Tumors are caused by the demethylation of DNA sections. But what causes the demethylation?
I can't quite explain this in any way but I thought that, for instance in breast cancer, it is possible that the cancer is caused by the methlyation of DNA, not the DNA demethylation. The methylation has an effect on inhibiting transcription machinery, and in this case on tumor suppressor genes.
If I am wrong, is there someone who can clarify this.
Methylation in the promotor region plays a role in transcription level. CpG island are often associated with methylation.
Regarding cancer, the gene with the inappropriate transcription level will influence the result. For example, demethylation of a tumor promoting gene will lead in cancer due to increase level of the tumor-promoting protein. The methylation of tumor suppressor genes will also lead to cancer but due the repression of a tumor suppressor gene.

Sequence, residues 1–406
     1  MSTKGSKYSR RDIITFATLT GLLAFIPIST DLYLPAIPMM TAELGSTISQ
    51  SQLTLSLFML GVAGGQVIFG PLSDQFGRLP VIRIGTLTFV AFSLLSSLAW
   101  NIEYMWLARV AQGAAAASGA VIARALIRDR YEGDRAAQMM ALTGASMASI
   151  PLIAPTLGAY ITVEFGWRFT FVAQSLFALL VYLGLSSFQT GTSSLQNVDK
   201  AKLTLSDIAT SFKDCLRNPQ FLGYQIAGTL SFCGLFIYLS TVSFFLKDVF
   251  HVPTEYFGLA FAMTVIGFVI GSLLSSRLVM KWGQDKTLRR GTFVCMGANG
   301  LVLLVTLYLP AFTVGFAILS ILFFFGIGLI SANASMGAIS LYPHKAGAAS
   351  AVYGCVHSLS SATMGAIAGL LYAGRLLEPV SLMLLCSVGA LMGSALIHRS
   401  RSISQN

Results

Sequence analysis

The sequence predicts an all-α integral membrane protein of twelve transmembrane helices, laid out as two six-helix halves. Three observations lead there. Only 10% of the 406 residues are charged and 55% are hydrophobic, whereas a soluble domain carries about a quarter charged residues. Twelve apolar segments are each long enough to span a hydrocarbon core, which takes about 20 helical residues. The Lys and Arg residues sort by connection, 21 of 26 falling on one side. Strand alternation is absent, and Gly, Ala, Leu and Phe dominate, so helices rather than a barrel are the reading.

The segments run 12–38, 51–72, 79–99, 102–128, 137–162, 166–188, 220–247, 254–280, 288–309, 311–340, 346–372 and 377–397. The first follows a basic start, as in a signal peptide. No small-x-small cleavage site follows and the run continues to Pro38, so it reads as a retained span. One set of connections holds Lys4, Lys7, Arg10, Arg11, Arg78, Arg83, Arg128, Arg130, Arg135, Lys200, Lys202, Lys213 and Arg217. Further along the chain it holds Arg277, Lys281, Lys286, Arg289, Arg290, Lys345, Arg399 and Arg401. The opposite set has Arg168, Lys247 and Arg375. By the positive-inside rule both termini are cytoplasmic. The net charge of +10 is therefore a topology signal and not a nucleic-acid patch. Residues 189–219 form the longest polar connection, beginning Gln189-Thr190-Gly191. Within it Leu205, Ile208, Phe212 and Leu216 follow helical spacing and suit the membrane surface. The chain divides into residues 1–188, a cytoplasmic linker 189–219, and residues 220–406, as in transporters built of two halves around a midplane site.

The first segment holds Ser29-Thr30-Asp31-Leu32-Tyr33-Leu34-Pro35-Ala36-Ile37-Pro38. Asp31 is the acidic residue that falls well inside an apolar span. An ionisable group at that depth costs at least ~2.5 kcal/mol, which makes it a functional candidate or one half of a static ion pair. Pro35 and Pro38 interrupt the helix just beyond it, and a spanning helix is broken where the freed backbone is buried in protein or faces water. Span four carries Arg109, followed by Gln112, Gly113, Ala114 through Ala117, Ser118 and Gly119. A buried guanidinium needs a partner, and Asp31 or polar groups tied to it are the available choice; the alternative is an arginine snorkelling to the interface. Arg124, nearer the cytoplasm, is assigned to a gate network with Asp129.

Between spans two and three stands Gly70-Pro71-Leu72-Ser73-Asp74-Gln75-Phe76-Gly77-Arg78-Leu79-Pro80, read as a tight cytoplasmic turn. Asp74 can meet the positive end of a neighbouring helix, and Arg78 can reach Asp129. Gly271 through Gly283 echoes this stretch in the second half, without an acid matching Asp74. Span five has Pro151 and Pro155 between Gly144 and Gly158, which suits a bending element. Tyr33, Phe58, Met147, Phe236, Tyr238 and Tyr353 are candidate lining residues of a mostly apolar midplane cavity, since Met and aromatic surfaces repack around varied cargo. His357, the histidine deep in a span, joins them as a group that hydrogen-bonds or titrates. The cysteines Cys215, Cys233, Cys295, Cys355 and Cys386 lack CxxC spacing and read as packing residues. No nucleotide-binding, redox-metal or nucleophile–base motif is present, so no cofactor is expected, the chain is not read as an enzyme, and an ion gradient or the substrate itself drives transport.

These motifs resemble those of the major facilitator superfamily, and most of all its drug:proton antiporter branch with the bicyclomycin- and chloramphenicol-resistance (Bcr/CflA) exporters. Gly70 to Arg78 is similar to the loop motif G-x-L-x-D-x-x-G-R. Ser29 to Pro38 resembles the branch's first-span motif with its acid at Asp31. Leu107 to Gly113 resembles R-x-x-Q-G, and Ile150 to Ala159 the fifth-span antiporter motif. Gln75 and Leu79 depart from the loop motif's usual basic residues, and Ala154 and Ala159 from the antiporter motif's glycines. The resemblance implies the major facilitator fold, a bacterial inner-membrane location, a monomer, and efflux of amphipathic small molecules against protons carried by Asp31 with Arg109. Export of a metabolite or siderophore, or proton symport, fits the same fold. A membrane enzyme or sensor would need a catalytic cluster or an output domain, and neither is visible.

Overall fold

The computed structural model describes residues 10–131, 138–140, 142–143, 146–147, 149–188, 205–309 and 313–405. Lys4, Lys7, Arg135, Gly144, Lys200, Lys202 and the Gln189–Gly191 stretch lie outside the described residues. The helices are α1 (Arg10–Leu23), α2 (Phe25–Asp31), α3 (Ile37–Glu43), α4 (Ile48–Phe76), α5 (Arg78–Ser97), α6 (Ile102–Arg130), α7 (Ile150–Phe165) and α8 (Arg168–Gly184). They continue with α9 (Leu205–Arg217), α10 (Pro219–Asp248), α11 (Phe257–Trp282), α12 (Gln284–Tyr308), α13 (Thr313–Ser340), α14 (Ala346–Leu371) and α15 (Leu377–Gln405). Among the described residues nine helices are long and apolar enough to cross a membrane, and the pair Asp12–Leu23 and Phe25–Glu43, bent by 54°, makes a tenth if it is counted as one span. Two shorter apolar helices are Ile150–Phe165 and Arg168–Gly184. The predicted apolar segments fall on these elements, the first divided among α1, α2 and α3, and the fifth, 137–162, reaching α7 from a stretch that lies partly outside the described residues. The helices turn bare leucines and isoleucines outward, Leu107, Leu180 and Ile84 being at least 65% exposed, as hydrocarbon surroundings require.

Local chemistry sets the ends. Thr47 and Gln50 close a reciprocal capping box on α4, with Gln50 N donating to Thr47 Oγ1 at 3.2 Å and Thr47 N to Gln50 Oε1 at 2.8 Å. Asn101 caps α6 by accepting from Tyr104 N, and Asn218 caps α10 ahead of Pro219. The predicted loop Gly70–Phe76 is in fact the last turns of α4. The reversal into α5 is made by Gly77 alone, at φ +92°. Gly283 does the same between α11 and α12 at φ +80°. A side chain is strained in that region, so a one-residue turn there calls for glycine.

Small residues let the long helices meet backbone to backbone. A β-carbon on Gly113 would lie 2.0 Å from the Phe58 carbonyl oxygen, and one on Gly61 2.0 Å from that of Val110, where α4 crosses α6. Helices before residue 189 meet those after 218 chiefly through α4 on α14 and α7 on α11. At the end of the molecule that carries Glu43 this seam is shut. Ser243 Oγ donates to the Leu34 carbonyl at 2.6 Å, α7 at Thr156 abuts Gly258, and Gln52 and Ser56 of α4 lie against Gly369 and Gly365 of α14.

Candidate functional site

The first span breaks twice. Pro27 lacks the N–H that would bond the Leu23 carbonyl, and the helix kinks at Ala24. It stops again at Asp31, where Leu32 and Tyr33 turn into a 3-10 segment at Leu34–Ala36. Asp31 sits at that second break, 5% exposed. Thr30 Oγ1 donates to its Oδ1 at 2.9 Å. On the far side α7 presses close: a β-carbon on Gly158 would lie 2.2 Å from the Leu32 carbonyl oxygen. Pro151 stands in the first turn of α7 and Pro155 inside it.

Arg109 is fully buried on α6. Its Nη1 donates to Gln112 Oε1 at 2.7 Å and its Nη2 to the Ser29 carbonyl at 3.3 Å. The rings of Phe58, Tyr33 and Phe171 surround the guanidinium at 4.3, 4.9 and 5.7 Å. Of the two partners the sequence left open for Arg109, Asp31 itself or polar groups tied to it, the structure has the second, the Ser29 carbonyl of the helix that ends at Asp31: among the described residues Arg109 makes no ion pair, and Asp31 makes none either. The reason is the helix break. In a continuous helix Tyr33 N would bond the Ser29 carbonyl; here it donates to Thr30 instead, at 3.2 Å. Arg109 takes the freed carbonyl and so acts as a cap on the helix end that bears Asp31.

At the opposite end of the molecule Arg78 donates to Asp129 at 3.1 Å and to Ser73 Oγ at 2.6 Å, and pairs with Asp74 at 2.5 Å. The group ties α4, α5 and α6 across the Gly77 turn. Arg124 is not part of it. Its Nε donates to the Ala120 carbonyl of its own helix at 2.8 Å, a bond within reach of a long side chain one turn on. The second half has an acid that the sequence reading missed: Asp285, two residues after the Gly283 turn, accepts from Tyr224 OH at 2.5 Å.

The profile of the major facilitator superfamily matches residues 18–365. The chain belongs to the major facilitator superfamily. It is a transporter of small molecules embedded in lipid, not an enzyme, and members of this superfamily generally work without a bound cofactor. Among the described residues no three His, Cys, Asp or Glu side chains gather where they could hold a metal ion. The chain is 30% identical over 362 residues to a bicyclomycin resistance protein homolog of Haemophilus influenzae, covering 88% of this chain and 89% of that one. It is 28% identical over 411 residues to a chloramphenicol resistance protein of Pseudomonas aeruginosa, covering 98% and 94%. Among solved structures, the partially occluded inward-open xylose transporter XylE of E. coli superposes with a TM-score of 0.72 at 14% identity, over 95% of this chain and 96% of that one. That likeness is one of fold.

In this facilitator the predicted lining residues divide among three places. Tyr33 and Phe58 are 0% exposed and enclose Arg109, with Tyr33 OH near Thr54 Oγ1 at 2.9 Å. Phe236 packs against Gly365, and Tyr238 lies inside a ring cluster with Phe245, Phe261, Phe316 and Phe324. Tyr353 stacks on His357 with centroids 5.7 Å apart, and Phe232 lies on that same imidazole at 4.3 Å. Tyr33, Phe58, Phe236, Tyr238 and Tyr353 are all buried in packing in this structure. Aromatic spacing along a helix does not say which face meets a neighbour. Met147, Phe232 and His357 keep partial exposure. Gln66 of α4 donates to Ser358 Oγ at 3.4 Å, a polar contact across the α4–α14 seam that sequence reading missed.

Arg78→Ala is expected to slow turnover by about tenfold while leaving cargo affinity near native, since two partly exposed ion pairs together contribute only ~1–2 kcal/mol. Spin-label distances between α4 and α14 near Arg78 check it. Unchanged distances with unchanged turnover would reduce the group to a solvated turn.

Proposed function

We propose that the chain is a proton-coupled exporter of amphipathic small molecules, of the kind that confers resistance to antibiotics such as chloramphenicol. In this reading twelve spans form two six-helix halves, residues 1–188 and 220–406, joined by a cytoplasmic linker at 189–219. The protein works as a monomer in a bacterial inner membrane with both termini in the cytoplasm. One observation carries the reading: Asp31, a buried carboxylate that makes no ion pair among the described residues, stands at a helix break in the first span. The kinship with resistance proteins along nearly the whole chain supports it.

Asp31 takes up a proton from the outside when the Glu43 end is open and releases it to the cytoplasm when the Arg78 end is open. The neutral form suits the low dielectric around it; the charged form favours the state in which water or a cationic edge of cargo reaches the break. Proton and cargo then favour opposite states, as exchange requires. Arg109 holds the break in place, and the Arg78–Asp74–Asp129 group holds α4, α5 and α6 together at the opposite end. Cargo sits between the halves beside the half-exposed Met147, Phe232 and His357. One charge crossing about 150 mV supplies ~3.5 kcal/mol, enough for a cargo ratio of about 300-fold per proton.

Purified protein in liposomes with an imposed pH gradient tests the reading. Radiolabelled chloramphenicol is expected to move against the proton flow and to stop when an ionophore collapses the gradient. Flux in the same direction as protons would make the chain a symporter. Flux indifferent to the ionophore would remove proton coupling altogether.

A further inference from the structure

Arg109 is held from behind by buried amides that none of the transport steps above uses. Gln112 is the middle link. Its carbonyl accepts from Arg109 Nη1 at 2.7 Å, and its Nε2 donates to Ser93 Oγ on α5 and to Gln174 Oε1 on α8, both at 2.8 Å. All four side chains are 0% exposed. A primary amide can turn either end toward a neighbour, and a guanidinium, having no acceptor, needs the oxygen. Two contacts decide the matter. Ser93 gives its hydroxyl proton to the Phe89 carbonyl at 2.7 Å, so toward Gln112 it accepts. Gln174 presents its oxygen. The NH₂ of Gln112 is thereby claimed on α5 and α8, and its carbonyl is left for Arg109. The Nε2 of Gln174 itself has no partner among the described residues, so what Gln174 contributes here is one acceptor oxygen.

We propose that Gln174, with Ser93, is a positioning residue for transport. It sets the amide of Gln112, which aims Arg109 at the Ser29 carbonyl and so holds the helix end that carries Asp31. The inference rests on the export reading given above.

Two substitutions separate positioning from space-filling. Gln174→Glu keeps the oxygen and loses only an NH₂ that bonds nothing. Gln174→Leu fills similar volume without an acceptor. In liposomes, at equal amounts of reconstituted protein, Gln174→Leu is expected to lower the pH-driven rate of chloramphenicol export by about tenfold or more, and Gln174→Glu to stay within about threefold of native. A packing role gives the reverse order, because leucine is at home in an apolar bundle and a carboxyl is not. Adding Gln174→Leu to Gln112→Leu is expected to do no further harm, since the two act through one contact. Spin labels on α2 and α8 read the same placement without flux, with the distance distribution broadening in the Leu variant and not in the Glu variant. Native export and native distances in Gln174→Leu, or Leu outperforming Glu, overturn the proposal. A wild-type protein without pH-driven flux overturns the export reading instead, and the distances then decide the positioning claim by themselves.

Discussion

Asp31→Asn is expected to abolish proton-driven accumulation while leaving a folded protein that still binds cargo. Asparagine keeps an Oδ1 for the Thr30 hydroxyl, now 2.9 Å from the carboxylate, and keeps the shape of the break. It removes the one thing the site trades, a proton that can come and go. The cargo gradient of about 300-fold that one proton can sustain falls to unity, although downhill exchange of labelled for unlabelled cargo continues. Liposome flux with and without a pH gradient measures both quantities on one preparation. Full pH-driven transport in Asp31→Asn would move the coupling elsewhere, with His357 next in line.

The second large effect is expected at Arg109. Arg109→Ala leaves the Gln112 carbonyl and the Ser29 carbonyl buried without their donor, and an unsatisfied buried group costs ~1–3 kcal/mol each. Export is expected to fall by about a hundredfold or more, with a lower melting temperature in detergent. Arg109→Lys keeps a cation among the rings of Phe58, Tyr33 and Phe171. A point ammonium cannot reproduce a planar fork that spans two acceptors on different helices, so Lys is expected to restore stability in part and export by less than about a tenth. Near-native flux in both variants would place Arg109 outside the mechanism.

Demethylation is a normal process of gene transcription; however, defective DNA repair pathway or error made the DNA transcritption machinery will lead to prolonged demethylation.
Demethylation is the symptom, not the cause. Faulty receptors do not recognize the signal. Active receptors get overstimulated and assumes the signal means they should do something - even if its wrong. And it usually is wrong. A cascading response typically follows.
There are enzymes activated that regulate methylation, DNA methyltransferases, and their absence or suppression can lead to reduced methylation. Depending on the region of the genome, hypo- or hypermethylation can affect tumor formation. As iansmith pointed out, methylation is important for transcriptional regulation, so alterations in either direction can lead to errors in important regulatory steps and promote tumorigenesis.
Here are two abstracts, selected somewhat randomly from the literature addressing this, that serve to illustrate the point (I didn't choose these because they are any better or more relevant than any number of papers out there, but because the abstract contains enough information to illustrate the point if you can't get to the full text of the article).
Separate names with a comma.